We all reached the office; we had so much sense of safety that we exchanged banters and teased Uncle Lito and apologized for the very demanding behavior of Titatit. I called my brother Bob, asking him to come and bring some dry clothes as we were all wet. He hesitated, verbalizing that his car may be low on fuel but he would try. Bob also informed me that Cabaro, Upper Hinaplanon, Iligan City was all washed out by the floods. I asked if it was the whole Cabaro, he said that from the information he gathered, it was from the road up to the river bank.
I thought of the need to relay and/or respond to the upcoming condition through the social networks and all communication media. I called a friend, Dr. Charles Marquez. He answered my call but apologized that he was in Manticao. At that point, I started feeling helpless.
Electricity was shut down not too long after. We got ready as the emergency lights went on. Seconds later, water crept into the office, the place where we thought was safe. I saw lots of cellphones at the office tables so I placed all of them in my pocket. Almost at the same time neighbors: men, women children came rushing into the building almost in a stampede, begging to be allowed in. One woman was begging for the sake of the children.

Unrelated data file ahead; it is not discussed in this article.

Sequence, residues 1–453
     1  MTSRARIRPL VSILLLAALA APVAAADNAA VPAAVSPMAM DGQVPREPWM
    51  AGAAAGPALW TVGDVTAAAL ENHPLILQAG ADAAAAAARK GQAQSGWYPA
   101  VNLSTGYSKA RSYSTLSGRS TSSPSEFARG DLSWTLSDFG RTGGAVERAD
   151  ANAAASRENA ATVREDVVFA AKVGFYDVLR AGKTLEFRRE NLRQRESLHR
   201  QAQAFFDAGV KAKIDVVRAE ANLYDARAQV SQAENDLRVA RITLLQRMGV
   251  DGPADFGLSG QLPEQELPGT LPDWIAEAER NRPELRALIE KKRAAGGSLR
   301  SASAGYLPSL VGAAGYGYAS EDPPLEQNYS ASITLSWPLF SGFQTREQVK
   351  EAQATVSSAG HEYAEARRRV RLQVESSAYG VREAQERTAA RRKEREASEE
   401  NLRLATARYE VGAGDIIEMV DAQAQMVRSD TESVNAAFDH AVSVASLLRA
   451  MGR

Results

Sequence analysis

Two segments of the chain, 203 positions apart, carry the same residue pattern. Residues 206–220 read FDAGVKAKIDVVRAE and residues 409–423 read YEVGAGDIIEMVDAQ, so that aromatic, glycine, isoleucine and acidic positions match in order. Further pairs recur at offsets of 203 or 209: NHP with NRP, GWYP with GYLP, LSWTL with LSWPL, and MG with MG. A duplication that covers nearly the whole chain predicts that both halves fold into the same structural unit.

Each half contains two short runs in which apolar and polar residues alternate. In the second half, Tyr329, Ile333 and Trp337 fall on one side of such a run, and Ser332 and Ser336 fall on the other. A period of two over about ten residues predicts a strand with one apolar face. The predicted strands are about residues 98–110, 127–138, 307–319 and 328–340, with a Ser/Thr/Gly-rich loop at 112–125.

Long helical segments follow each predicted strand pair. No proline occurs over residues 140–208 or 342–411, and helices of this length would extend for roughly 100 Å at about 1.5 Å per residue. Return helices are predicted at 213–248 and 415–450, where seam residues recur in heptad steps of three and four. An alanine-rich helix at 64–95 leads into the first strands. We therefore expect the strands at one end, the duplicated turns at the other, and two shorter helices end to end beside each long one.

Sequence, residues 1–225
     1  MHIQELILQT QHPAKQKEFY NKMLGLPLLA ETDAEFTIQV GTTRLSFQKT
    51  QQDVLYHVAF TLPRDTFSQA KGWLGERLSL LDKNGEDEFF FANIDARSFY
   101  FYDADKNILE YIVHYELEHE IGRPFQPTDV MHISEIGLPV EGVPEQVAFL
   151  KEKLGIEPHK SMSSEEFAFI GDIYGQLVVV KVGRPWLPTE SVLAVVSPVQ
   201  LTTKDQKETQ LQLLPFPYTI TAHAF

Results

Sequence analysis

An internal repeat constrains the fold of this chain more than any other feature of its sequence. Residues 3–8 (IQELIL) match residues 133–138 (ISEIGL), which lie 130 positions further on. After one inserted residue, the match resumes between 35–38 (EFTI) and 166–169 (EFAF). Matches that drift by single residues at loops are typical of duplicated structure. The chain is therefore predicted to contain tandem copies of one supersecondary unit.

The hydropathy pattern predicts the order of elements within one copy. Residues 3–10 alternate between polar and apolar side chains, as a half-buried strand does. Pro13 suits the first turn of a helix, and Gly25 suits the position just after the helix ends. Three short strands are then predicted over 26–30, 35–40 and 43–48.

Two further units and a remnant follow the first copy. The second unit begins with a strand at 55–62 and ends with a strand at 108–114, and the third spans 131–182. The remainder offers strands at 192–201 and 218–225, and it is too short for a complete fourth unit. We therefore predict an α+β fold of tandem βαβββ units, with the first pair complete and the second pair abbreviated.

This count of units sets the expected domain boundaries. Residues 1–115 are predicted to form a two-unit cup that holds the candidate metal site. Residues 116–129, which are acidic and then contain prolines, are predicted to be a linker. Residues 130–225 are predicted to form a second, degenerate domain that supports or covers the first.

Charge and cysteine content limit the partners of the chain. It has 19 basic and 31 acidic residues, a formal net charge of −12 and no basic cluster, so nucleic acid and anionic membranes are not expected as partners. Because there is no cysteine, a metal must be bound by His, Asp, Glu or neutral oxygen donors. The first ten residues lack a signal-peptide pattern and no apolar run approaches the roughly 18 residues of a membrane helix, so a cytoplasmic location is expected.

We had no time to argue. I told Titatit to move up to the roof deck of the office and take the children. I told her to see to it that everyone went to the end of the building so that the spiral stairway will be clear and unhampered so the flow and movement would be easier.
Daddy and I tried to manage the crowd, asking the people to allow women and children first, telling them to be patient and to take their time, and told the crowd that men may move up soon as water was thigh deep.
It didn’t take long for the water to reach our thighs. I saw the contest of men, women, us included, moving up the spiral staircase.
The next scenes were even more disturbing, terrifying, distressing, horrifying, and traumatic. I had not seen such terror in my whole life.
As we reached the roof deck, we saw cars, people, objects, houses carried away by water. The highway practically looked like a 30-meter wide river. Cars were not running but floating, all carried by the surge of water. A house hit our building but in seconds it was dismantled. The office of Nestor Ong was destroyed and carried by the flood waters in three creaking counts. The building we stood on seemed like an island as the water rose to more than three meters high from the building’s ground floor.